Robin Williams: Battle With Depression cover

Robin Williams: Battle With Depression

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Robin Williams may have spent most of his life making other people laugh – but he was often crying inside.





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Robin Williams: Battle With Depression

His Inside Battle

Robin Williams may have spent most of his life making other people laugh – but he was often crying inside.

Friends close to the actor remember a very different person to the comic maverick he portrayed on stage and screen. Away from the cameras, he was quiet and considered; he spoke in a low, slow baritone and was known in Hollywood for his sensitivity and generosity.

Below the Surface

Public Domain

Below the Surface

But while he was happy to talk publicly about his addictions to booze and drugs, he kept his longer and more personally painful battle with depression to himself.

Consuming Him

In the weeks before his death, Williams checked into the Hazelden Addiction Treatment Center in Minnesota where he claimed he was ‘taking the opportunity to fine-tune and focus’ his hard-fought sobriety.

In truth, Williams was more worried about the bouts of depression that were consuming him.

In one of the last photographs of the actor taken on June 30 at a Dairy Queen restaurant close to the clinic, Williams looks particularly frail. Unshaven, he clasps his hands in front of him without looking at the camera.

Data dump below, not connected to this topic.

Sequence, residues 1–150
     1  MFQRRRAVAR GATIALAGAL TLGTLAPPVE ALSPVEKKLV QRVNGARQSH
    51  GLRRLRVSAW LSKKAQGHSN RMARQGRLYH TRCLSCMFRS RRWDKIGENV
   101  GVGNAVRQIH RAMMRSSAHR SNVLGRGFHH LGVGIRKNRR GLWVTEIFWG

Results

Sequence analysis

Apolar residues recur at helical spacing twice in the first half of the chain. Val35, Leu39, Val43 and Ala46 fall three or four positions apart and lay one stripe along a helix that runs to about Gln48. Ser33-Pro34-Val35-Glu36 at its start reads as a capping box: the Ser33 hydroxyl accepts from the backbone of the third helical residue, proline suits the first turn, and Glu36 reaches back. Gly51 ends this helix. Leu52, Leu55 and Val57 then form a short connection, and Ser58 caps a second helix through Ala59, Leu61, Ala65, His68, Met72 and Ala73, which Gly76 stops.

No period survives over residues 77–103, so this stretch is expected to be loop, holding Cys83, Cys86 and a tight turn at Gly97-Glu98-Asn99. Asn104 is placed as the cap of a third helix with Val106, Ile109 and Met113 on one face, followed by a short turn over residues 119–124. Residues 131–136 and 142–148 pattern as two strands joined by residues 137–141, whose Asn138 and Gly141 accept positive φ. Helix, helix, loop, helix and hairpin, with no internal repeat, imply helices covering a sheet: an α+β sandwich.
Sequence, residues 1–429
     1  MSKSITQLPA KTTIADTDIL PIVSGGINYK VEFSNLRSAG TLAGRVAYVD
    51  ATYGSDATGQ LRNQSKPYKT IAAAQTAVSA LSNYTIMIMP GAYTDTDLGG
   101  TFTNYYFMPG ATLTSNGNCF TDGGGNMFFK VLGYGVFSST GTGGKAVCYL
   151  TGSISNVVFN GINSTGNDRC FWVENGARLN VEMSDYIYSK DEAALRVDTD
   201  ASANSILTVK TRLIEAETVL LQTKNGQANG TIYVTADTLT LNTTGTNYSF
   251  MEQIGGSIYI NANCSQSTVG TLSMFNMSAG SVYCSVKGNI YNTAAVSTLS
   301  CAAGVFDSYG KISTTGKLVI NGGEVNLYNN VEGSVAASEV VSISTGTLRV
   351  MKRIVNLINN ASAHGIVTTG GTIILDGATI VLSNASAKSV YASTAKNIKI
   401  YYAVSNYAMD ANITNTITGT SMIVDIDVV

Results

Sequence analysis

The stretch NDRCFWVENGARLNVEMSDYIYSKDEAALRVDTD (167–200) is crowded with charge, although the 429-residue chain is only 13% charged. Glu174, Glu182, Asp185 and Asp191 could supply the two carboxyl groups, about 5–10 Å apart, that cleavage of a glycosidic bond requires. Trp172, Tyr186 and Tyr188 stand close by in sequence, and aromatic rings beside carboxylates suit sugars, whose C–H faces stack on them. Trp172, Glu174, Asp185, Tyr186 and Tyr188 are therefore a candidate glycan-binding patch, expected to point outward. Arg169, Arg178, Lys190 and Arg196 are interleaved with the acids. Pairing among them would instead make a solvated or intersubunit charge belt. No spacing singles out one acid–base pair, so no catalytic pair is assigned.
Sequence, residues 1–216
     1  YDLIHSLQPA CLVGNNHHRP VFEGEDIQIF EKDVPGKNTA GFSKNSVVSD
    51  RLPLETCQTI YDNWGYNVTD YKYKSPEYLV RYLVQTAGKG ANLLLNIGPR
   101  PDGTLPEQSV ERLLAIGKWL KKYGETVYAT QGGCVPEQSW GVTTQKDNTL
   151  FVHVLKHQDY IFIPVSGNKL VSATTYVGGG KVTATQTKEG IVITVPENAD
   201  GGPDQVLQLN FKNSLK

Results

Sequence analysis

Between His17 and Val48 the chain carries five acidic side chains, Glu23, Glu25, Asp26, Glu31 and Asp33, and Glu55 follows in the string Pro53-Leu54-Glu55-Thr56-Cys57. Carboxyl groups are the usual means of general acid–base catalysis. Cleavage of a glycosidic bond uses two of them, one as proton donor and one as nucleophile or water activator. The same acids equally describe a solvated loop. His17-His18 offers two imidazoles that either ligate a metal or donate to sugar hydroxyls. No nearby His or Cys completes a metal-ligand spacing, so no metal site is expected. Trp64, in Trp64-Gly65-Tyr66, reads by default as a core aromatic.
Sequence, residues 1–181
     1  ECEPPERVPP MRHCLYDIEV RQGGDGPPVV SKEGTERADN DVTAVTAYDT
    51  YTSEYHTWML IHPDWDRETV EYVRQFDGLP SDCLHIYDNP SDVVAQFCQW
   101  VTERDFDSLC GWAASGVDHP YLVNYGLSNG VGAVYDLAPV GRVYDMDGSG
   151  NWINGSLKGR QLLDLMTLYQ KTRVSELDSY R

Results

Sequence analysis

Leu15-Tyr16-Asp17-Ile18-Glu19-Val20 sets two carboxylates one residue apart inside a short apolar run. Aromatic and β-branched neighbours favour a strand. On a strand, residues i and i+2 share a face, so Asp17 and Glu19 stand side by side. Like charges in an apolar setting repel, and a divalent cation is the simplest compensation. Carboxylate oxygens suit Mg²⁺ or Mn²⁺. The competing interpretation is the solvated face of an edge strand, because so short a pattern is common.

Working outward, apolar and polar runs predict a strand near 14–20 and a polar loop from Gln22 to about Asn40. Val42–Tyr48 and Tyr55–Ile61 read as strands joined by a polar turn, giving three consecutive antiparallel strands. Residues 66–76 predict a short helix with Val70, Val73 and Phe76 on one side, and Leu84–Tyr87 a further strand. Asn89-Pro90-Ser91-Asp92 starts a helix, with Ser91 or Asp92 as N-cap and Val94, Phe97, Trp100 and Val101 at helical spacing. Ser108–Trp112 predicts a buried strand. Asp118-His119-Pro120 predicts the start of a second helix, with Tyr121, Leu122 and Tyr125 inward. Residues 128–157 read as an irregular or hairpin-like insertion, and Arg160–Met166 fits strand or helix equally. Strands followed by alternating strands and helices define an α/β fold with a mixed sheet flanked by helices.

An Unexpected End

It was a battle so personal, even Williams couldn’t find the humor in the situation to hide behind.

But after the suicide there was little choice but to try and explain to his millions of fans around the world just why he would do such a thing.

“He has been battling severe depression of late,” said the actor’s publicist Mara Buxbaum. “This is a tragic and sudden loss.”

Keeping Appearances

Keeping Appearances

Image by Eva Rinaldi (CC BY-SA 2.0)

A Hard Hit

While he’d never admitted to clinical depression he did offer a clue to his struggles in an interview with Terry Gross on NPR’s ‘Fresh Air’.

“No clinical depression, no,” he insisted. “No. I get bummed, like I think a lot of us do at certain times. You look at the world and go, ‘Whoa.’ Other moments you look and go, ‘Oh, things are OK.’

“Do I perform sometimes in a manic style? Yes. Am I manic all the time? No. Do I get sad? Oh yeah. Does it hit me hard? Oh yeah.”